My actual advice to all you whippersnappers turning the big 2-0: Don’t get complacent — it’s easy to find a job or a girlfriend or boyfriend that’s OK, and it’s easy to get used to your routines and your roles. It’s even easier to mistake all this for fulfillment. But up until your twenties you’re forced to make changes all the time: new teachers, new dorms, new classes, etc. You go to middle school for three years, then high school for four, then college for four … and then, suddenly, you go out into the world and there’s no delineation of time anymore, and one day you find yourself wondering where the last six years just went.
Other than your teens, this is the best time in your life to take silly risks and/or make huge mistakes. They won’t torpedo you, I promise. Date weird people! Say yes to vacations you can’t afford! Your future children will bankrupt you anyway,8 so you might as well.
If all the weddings of friends you met in your twenties that you have to attend don’t bankrupt you first.
As someone originally from the NYC area, I was raised to love the Giants, Rangers, and Yankees. Truly old school New York. Then it hit me you root for the Mets! Met fans are usually grouped with the low life that are Jet fans and Islander fans. How did I miss the signs? I feel like the guy in the last scene of The Crying Game. I am so disappointed and disillusioned. What is the scoop and where did it all go wrong?
It all went wrong when I started listening to WFAN. (Think of all the motley stories in the world that begin with those sad words!) (Also, sorry this has become a WFAN mailbag. It’s not hard to push me down that path.) I wasn’t that into baseball growing up; my clearest memories are of watching Lenny Dykstra as a Phillie, not a Met. But I loved everything else, listened to WFAN nonstop, and ultimately became a Mets fan by osmosis. Bob Murphy yelling “BERNARD GILKEY!” and “REY ORDONEZ!” was pretty hard to ignore. So were the Mike Piazza trade and the Best Infield Ever and the late ’90s wild-card races and Bobby Valentine in a fake mustache, though luckily, I did see that last one on TV. Needless to say, I’m particularly bummed out that as of next season WFAN will no longer be the Mets’ flagship station. It’s going to feel so, so wrong not to hear “Let’s go Mets! F! A! N! (Da da da!)”
As a hockey fan living in Portland, OR, the only live hockey I see is the Winterhawks. Every game I attend, I’m always left thinking about the variety of jerseys that fans wore to the game. The stands look like a crazy quilt of hockey past and present. Some fans wear jerseys of former Winterhawks who now play in the NHL or actual Winterhawks jerseys, but at least 50 percent are random jerseys that say more about where the person is from than who they are supporting. I went to a game last year and was surprised to see more Senators jerseys than Red Wings jerseys. That same game had the obligatory guy in a ND Fighting Sioux jersey. Have you been to any arenas where this kind of jersey collage is the norm? Or does it just happen because the Northwest USA has no NHL?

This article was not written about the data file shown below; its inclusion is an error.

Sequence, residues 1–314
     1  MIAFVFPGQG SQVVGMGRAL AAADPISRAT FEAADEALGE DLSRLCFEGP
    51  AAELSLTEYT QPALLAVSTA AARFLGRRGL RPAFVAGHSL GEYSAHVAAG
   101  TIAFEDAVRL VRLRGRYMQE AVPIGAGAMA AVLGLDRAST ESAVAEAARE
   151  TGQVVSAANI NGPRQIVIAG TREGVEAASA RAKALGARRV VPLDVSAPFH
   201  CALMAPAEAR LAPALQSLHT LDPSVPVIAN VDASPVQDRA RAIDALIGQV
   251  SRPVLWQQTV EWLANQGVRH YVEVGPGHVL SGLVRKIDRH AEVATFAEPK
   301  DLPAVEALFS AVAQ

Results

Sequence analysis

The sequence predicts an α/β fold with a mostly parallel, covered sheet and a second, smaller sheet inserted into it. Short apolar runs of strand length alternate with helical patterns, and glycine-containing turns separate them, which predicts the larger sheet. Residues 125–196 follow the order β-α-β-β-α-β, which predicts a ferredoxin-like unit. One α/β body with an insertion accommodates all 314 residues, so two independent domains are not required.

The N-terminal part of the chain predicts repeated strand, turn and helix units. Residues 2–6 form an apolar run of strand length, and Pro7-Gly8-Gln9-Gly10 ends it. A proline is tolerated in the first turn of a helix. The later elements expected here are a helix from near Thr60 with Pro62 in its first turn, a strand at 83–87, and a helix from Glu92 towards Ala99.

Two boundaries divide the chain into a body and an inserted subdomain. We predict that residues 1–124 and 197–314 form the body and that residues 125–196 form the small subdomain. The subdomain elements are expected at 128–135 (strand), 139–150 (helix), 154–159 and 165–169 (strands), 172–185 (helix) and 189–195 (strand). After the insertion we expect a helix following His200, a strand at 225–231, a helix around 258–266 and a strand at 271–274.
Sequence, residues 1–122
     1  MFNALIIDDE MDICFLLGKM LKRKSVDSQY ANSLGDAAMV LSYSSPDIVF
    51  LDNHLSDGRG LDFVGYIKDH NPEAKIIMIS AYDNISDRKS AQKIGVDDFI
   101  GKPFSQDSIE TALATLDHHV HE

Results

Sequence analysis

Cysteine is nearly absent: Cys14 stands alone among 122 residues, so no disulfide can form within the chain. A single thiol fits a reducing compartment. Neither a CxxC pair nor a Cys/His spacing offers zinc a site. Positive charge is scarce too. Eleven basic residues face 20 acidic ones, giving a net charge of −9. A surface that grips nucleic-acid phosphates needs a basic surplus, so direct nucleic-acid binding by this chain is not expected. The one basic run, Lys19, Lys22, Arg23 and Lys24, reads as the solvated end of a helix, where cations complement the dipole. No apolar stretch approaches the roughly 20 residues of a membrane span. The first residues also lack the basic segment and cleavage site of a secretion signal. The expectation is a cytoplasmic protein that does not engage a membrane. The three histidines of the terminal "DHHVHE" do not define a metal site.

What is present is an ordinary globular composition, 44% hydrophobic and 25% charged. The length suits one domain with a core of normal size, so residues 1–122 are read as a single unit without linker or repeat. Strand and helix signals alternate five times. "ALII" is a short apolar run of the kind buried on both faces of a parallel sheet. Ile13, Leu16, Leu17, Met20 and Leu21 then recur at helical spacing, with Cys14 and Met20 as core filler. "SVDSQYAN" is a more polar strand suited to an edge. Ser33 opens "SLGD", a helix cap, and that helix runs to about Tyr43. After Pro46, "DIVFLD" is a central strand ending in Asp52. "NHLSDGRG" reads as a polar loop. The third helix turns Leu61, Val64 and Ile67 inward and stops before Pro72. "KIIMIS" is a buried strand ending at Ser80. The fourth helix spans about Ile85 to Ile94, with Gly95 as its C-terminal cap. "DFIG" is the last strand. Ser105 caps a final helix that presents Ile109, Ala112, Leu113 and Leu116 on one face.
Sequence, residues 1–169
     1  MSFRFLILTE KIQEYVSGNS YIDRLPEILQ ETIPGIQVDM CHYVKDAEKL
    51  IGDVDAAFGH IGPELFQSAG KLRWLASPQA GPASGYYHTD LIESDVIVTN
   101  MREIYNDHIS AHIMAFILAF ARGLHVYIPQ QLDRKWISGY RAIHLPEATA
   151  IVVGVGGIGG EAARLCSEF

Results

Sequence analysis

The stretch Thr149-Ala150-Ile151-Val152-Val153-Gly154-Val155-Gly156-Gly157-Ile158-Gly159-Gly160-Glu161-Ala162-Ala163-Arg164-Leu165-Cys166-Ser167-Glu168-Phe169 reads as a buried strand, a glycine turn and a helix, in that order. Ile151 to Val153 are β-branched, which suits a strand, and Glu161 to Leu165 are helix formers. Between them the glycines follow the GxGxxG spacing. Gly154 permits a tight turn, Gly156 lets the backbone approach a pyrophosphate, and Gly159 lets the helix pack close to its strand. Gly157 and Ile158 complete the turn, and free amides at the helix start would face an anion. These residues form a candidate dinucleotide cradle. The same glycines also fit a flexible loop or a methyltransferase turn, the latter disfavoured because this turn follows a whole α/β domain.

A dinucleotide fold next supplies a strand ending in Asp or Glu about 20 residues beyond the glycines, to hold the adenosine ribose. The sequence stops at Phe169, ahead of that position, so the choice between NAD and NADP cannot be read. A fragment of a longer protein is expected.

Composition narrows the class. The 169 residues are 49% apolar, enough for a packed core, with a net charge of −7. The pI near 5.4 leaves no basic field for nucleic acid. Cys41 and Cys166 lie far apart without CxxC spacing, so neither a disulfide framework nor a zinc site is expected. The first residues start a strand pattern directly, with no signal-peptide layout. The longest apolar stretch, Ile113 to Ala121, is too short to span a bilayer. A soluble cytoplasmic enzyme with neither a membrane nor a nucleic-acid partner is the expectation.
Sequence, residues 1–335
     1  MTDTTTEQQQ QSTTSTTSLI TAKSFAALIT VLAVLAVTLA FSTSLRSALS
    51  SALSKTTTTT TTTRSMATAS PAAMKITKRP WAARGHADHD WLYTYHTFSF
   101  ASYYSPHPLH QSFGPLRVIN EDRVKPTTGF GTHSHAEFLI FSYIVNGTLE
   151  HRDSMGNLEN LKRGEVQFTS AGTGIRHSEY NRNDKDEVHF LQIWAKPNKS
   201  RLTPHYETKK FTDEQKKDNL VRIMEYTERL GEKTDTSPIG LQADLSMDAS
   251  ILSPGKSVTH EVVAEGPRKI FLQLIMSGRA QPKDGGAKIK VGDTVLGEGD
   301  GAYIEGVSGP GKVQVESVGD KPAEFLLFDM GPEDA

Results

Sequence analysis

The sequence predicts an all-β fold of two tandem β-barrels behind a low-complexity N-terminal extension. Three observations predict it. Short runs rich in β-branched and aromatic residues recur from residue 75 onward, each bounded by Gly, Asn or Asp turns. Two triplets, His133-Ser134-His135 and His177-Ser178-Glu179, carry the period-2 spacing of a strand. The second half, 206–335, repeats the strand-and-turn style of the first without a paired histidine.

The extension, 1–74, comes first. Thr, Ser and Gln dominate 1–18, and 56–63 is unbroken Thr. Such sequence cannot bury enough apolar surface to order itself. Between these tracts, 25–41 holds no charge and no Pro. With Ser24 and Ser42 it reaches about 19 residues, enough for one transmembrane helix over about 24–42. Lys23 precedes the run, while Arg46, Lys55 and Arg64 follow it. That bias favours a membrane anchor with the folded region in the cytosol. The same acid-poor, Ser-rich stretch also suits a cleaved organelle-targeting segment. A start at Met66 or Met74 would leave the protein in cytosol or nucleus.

This is one of the best things about hockey fans, and it’s not just limited to the Pacific Northwest. (That obligatory guy in the North Dakota sweater? He’s in all hockey arenas, at all times.)9 Even at NHL games, you’ll see the ghosts of players and franchises past — there’s always a smattering of California Golden Seals sweaters on display at San Jose Sharks games, just as there are always some guys who tracked down Logan Couture’s old game-worn jersey from junior on eBay and now sleep in the thing. Junior hockey and college hockey are two of the best places to really see the phenomenon, though — at the NCAA Frozen Four, you’re basically a social outcast if you’re NOT wearing a super inside-baseball hockey sweater. Hockey fans are like indie music nerds when it comes down to it, and our precious minor league jerseys are their ironic concert tees.
I went to a USHL game in Lincoln, Nebraska, the other day and there was a guy in a Hartford Whalers jersey and a Minnesota Golden Gopher in the crowd. Someone should make a bingo board for this stuff.
Also, since you mentioned the Portland Winterhawks, I’m contractually obligated to put this video of Seth Jones’s game-winning goal against the Montreal Canadiens in this space.
Get this kid on the Olympic team! U! S! A!